Douglas Daugherty was a captain with the City of Maryland Heights, Missouri Police Department. In 1986, a drunk driver struck Daugherty while he was on duty, partially severing Daugherty’s spinal cord. Although surgery eventually alleviated paralysis Daugherty suffered as a result of the accident, Daugherty’s spinal cord remained partially severed.
In April 2000, Daugherty was diagnosed with degenerative spine disease related to his 1986 injury. Eventually, the City fired Daugherty because of his physical condition.
Daugherty brought a lawsuit under Missouri’s equivalent of the Americans With Disabilities Act, the Missouri Human Rights Act. The Missouri Court of Appeals eventually dismissed Daugherty’s lawsuit. In the Court’s mind, the key question as to whether Daugherty was the victim of illegal disability discrimination turned on what the essential functions of his job were. The Court found that the Department had the right to require that all of its police officers, including its captains, be able to effectuate a forcible arrest.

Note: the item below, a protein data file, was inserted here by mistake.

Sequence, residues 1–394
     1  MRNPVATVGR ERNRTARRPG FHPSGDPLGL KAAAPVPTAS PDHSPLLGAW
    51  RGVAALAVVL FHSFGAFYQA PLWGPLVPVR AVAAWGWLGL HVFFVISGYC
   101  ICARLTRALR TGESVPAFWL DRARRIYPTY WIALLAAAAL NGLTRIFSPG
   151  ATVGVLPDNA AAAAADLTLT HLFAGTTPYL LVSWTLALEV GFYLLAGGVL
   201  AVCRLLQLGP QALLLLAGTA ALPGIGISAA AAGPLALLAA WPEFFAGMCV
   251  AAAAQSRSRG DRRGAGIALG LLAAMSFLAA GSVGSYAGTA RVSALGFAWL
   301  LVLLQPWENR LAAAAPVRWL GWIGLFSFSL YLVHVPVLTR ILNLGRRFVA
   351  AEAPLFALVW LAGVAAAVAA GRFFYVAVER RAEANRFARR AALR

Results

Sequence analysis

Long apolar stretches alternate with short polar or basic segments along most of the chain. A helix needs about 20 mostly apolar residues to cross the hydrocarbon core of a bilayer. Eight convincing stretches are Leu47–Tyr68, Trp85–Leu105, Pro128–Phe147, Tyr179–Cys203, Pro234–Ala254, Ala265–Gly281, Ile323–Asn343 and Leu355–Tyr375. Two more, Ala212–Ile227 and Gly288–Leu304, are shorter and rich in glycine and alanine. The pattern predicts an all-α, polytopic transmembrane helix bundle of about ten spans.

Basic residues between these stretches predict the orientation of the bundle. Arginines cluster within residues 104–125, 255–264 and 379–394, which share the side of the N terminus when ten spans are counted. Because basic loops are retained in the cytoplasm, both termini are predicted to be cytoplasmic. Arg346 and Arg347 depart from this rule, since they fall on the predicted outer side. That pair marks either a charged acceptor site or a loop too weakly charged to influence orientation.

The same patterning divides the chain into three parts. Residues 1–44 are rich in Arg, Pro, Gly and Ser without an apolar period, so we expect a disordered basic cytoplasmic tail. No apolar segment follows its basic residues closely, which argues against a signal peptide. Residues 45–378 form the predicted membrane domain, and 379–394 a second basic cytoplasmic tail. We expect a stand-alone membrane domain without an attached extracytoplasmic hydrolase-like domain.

The Court noted that “Daugherty specifically admits that every police officer for the City is required to do the type of work that a doctor determined that Daugherty cannot or may not be able to do: Enact an arrest, subdue an unwilling perpetrator, lift more than 100 pounds, and pull an accident victim from an accident scene. In its decision to terminate Daugherty, the City relied on the doctor’s uncontradicted opinion that Daugherty could not perform certain duties. Thus, Daugherty has failed to establish that the City regarded him as having a disability, or that he has a disability within the meaning of the Act.”
Daugherty v. City of Maryland Heights, 2006 WL 1736348 (Mo.App. 2006).
This article appears in the September 2006 issue